Every year, Germany’s hospitals produce 1.2 million tonnes of waste. Single-use surgical instruments make up 8,000 tonnes of this total. A joint recycling project by the Asklepios Klinikum hospital in Harburg and Ethicon, a subsidiary of Johnson & Johnson, aims to significantly reduce the amount of waste resulting from surgery. In order to achieve this, the surgical teams at the Harburg hospital will start collecting single-use instruments with immediate effect. These will then be appropriately recycled by the waste management company Remondis and returned to the materials cycle. “In our hospital, we use sophisticated, high-tech devices that need to be discarded after one use for hygiene reasons. It’s incomprehensible to us that there was no environmentally friendly way of recycling these items until now. That’s why we are very happy to be working with Ethicon, the Hamburg recycling software start-up Resourcify and Remondis to kick off a project that will ensure greater sustainability and environmental protection in hospitals,” explains Dr.Stefan Meierling, head of thoracic surgery at the Harburg hospital and co-initiator of the scheme.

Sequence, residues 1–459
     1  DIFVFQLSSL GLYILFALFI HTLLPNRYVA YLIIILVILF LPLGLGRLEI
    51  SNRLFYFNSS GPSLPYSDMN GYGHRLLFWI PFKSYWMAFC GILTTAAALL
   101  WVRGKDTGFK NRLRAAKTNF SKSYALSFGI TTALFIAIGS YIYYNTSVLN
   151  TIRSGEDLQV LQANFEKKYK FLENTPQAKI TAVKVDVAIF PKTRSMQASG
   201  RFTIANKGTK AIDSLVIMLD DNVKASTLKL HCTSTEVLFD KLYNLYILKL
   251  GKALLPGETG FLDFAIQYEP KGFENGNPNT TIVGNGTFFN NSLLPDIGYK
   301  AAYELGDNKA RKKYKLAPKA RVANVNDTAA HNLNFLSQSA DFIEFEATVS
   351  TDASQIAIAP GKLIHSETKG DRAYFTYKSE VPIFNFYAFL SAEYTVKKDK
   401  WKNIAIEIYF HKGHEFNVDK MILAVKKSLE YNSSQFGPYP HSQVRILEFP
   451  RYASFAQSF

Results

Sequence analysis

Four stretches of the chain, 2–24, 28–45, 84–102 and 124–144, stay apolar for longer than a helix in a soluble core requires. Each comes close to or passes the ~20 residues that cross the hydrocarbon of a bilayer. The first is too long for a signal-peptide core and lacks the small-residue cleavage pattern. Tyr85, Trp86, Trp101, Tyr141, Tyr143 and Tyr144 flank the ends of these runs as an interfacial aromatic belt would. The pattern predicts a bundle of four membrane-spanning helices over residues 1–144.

The pilot project will test the use of a digitally supported returns system for Ethicon’s recyclable endocutters and circular staplers in the operating theatre. These stapling instruments help surgeons ensure the safe removal or connection of tissues and organs during procedures such as keyhole surgery. From now on, the instruments will be disinfected after surgical use, collected separately and picked up at regular intervals. After that, they will be sterilised, disassembled and fed into the recycling chain. According to Resourcify, the project could save around 2,500 kg of CO2 annually in Harburg alone. And as the recycling is carried out in Germany, the emissions from transport are also minimal. Previously, most hospitals had these products disposed of through thermal recovery, which not only costs the hospitals money but also generates CO2 emissions. On top of that, the process results in the loss of valuable raw materials. The project’s goal is to recycle more than 80% of this waste and return it to the materials cycle.
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